Co-founder and co-CEO @ Impact Academy
318Joined Nov 2017


Impact Academy is a non-profit organization that enables people to become world-class leaders, thinkers, and doers who are using their careers and character to solve our most pressing problems and create the best possible future.

I also work as an impact-driven and truth-seeking coach for people who are trying to do the most good.

I'm also a medical doctor, author, and former visiting researcher (biosecurity) at Stanford.


Thanks for your reply.
I agree that it's highly complex and can positively affect other cause areas and I'm happy to jam more on this. However, I also think it's important to not assume that it's a panacea that's good for everything. E.g., I do worry that focusing too much on well-being could be bad for the world as one starts to act in ways that optimize for that and neglects the significance of other cause areas. But I think it's plausibly a really big thing which is why I'm exploring. I've written you a dm to set up a call.

Good luck with this. Happy to have more appropriately great coaches available for people ambitiously trying to do a lot of good.


I'm currently exploring a new cause area profile for Impact Academy. Tentatively, I call it human development and it's strongly related to personal development - perhaps even a synonym. I'm feeling relatively confused about it and how it relates to mental health and community building more broadly - i.e., how it relates to good done in the world. As far as I can tell, it seems as if VIVID is pursuing this. One thing I feel confused about is what outcomes/metrics this field is attempting to optimize and the most promising strategies for accomplishing those outcomes. My current best guess is to use i) well-being (ideally both hedonic and eudaimonic) and ii) professional effectiveness (some measure of productivity). Do you have any better measurements?

Obviously, this is extremely hard because (as you point out) it depends so much on the specific individual. However, I'm guessing that there are some significant broad strokes things one can say about this.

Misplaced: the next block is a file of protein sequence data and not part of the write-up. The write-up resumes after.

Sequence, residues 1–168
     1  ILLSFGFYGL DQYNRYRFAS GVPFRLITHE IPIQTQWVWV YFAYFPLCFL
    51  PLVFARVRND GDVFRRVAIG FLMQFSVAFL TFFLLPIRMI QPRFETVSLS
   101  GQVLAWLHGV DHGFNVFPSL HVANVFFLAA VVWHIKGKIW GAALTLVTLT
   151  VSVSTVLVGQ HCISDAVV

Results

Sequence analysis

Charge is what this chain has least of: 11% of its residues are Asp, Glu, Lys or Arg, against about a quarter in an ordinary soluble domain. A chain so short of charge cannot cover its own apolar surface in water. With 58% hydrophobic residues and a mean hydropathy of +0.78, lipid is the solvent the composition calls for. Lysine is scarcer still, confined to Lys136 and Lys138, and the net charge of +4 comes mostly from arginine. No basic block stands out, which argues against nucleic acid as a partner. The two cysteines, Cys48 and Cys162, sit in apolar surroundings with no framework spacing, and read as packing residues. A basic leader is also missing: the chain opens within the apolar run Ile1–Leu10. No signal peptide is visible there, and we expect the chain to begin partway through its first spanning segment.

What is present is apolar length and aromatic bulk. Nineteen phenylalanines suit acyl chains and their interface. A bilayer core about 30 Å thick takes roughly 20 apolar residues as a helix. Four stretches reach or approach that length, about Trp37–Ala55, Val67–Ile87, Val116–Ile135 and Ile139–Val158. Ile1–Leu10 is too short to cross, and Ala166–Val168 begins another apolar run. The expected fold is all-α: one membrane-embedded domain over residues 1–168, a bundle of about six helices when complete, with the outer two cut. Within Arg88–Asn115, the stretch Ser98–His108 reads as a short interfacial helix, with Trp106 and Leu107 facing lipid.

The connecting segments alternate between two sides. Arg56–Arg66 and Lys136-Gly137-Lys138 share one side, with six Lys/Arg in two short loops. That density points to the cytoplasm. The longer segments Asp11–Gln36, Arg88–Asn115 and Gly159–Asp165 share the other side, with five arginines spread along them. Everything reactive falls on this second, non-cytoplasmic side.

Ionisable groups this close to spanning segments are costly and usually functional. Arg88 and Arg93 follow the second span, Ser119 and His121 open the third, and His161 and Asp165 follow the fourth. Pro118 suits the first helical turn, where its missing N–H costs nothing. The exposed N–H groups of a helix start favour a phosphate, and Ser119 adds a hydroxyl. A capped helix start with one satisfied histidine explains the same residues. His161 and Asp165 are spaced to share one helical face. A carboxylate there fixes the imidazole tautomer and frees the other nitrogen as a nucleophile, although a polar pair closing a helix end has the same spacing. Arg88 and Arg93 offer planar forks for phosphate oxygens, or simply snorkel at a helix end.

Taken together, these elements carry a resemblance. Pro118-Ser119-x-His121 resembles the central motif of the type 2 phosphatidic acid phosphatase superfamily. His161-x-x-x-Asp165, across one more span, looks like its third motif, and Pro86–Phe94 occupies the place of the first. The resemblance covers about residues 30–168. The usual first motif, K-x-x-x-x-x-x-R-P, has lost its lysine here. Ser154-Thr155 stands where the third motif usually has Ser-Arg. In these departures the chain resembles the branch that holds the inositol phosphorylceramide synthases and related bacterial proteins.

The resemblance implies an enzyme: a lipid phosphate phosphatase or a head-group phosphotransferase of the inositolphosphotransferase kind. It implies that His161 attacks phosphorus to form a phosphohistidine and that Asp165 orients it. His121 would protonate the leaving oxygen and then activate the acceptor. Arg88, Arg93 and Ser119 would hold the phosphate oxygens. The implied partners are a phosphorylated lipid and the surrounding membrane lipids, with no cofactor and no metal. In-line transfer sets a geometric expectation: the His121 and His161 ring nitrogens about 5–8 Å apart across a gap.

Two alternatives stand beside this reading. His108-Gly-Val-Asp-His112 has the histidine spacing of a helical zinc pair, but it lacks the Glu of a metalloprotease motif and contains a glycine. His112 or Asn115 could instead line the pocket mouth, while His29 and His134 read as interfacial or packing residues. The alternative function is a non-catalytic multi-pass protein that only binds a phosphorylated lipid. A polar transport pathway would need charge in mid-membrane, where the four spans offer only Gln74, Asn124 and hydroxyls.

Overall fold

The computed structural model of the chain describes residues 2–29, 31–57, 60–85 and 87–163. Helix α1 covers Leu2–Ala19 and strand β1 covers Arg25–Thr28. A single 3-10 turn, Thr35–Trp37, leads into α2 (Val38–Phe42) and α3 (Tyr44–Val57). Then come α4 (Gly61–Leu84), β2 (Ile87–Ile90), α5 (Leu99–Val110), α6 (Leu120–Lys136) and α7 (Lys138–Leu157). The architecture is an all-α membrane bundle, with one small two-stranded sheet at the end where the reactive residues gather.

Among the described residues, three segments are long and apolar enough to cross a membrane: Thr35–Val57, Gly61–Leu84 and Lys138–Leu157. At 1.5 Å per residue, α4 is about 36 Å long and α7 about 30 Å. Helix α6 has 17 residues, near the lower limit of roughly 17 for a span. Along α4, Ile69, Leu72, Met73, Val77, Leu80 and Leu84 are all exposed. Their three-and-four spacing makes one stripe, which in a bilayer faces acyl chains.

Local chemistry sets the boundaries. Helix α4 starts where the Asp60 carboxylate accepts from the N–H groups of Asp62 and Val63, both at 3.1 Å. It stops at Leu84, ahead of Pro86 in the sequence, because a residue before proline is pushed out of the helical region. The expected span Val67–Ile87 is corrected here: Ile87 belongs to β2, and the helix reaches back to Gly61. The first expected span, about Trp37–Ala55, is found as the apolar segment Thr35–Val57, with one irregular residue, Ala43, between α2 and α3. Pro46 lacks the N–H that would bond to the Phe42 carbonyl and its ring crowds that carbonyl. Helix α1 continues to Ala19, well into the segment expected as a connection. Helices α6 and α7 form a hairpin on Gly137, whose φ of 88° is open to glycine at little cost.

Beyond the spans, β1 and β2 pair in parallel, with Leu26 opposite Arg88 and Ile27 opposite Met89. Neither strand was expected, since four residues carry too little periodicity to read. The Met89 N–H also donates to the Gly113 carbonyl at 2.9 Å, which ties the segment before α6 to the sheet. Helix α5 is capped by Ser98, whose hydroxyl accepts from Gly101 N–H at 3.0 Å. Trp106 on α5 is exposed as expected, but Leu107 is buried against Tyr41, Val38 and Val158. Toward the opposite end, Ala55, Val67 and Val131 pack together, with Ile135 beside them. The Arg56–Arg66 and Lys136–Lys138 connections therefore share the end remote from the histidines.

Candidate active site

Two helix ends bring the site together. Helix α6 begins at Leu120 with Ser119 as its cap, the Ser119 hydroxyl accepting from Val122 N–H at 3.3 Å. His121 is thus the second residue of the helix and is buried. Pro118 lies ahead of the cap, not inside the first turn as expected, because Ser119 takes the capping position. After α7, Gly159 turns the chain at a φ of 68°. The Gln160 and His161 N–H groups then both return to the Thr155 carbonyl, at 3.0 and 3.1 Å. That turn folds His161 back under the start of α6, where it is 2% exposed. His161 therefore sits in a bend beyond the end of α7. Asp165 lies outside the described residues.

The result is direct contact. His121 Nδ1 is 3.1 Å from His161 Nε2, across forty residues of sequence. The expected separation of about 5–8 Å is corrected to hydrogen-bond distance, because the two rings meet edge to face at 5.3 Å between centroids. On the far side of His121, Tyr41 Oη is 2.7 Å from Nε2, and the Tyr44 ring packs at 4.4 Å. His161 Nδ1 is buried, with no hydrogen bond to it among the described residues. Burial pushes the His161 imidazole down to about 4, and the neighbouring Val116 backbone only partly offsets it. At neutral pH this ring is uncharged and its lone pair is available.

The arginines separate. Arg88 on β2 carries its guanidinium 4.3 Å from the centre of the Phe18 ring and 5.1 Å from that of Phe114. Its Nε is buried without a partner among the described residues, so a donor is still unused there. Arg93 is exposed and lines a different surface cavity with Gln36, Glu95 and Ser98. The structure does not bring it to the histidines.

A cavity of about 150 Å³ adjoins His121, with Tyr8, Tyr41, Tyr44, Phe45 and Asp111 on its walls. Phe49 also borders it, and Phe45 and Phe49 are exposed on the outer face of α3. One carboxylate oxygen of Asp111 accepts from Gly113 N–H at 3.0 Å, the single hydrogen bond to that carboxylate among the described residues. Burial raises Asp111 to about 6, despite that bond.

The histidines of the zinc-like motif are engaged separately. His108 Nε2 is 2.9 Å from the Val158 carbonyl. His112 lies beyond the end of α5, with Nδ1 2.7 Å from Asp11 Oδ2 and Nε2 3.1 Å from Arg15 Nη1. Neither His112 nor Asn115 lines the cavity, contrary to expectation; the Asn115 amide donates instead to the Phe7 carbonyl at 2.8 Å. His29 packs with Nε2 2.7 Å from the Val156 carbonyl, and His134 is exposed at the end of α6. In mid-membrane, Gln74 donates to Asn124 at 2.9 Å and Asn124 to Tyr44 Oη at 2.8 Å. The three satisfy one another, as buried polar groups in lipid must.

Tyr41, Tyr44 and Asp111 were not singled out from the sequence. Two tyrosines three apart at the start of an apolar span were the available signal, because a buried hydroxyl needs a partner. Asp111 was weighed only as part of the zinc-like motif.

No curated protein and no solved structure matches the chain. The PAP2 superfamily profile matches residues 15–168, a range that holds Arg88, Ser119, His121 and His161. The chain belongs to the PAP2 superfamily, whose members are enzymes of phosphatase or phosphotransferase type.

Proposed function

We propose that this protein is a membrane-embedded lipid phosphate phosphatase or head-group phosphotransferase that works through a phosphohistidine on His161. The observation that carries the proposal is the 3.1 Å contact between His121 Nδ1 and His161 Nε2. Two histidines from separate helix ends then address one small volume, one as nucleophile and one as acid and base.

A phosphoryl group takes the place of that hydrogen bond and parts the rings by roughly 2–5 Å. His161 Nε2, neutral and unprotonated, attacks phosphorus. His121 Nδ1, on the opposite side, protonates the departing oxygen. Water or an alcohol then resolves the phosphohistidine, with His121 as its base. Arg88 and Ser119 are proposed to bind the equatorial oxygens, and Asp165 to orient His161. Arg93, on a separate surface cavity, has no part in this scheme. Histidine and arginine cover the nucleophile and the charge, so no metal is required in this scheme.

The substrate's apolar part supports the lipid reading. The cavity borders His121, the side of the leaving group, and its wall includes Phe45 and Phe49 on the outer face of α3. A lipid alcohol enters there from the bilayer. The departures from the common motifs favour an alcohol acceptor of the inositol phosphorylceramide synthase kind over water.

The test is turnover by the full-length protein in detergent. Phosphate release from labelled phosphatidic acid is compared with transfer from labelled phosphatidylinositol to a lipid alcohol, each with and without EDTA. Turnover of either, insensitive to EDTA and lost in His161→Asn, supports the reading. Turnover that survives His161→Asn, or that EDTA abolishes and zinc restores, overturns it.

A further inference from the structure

Thanks for this. Just submitted my response. One small miss: When you ask what interventions people are interested in towards the end you've omitted coaching. I assume this is a mistake because you included it in the equivalent question around what interventions they have tried already. :)
When do you expect to publish the results? :)

This is a quick and highly selective summary of Toby Ord’s PhD thesis - Beyond Action. It can be downloaded freely from his website. I primarily wrote this for my own sake but upon completion, I realized that it may be useful to others too. :)




The thesis explores and strengthens global consequentialism and its six major forms. It attempts to address the major objections to act and rule-consequentialism and, somewhat, unifies the three major Western ethical theories.

In chapter 3, he thoroughly assesses the different accounts of global utilitarianism but I found those aspects to be relatively useless because they didn’t enrich my thinking at a sufficiently applied level. However, it did provide value to know that global consequentialism stands up to moral rigor and may be superior to other forms of consequentialism. Furthermore, it gave me insight into how certain moral theories are perpetually developed and how significant progress is being made and made me optimistic about “solving” moral philosophy (which I’m otherwise skeptical of).